Friday, July 31, 2009
DNREC Press Release
DOVER – DNREC Secretary Collin O’Mara announced today he has initiated cross training and other measures within the Division of Fish and Wildlife to help the Division’s Mosquito Control Section respond to an abnormally large recent outbreak of woodland-pool and other freshwater mosquitoes during a time when recent retirements and transfers have left the section downsized with several vacancies.
Recent heavy rains during the past two months triggered the large outbreak of mosquitoes which in turn led to more than 2500 complaints from the public seeking mosquito relief and control services from early May through early July. Historically, the annual average total statewide for all five months from May to September is about 2100 complaints.
To bolster the Mosquito Control Section staff, one division employee will be transferred to the section while other non-Mosquito Control staff will be cross-trained to enable them to operate (when requested) in relief mode truck-mounted sprayers (“foggers”) for adult mosquito control.
“These personnel moves will enable Mosquito Control to continue to deliver their frontline services important for the public’s comfort and well-being and for protecting public health from mosquito-borne diseases,” said O’Mara. “During times of decreasing resources for operating state government, this is an example of how we’ll try to maximize efficiencies across agency lines while continuing to deliver core public services.”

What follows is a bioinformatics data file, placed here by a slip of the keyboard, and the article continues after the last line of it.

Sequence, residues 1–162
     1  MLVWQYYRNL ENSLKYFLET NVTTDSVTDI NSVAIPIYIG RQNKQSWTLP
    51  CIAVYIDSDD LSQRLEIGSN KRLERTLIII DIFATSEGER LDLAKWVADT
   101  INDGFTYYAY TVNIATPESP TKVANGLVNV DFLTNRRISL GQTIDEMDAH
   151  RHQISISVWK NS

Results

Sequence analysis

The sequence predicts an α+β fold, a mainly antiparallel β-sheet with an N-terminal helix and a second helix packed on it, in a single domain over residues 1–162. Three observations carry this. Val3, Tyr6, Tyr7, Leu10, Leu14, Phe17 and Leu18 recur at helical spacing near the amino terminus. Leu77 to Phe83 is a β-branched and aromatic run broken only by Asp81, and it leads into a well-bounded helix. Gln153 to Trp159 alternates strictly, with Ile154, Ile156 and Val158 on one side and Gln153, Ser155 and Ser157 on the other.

According to Division Director Patrick Emory, the “foggers” must be operated by qualified staff to achieve both the desired control results and avoid any unintended collateral impacts.
“The additional staff and cross training will help to address times of high mosquito outbreaks that require the section’s frequent ‘fog runs’ in cities, towns, suburbs, subdivisions or other populated areas, along with treating more rural sites,” said Emory. “Fog runs” typically begin in the evening around dusk and often last until midnight or later, or sometimes in the early morning from just before dawn up until about an hour after sunrise.